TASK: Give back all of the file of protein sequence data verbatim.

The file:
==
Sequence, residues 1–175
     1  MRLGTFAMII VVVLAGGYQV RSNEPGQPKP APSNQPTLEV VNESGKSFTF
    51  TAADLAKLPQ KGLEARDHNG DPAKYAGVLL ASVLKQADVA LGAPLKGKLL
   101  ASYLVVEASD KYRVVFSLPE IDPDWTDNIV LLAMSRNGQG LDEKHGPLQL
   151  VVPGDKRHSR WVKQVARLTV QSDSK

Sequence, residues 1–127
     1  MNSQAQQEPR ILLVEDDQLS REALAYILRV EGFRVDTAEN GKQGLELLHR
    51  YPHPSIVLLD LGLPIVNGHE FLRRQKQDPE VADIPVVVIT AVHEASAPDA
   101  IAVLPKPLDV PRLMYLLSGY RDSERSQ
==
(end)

Sequence, residues 1–175
     1  MRLGTFAMII VVVLAGGYQV RSNEPGQPKP APSNQPTLEV VNESGKSFTF
    51  TAADLAKLPQ KGLEARDHNG DPAKYAGVLL ASVLKQADVA LGAPLKGKLL
   101  ASYLVVEASD KYRVVFSLPE IDPDWTDNIV LLAMSRNGQG LDEKHGPLQL
   151  VVPGDKRHSR WVKQVARLTV QSDSK

Sequence, residues 1–127
     1  MNSQAQQEPR ILLVEDDQLS REALAYILRV EGFRVDTAEN GKQGLELLHR
    51  YPHPSIVLLD LGLPIVNGHE FLRRQKQDPE VADIPVVVIT AVHEASAPDA
   101  IAVLPKPLDV PRLMYLLSGY RDSERSQ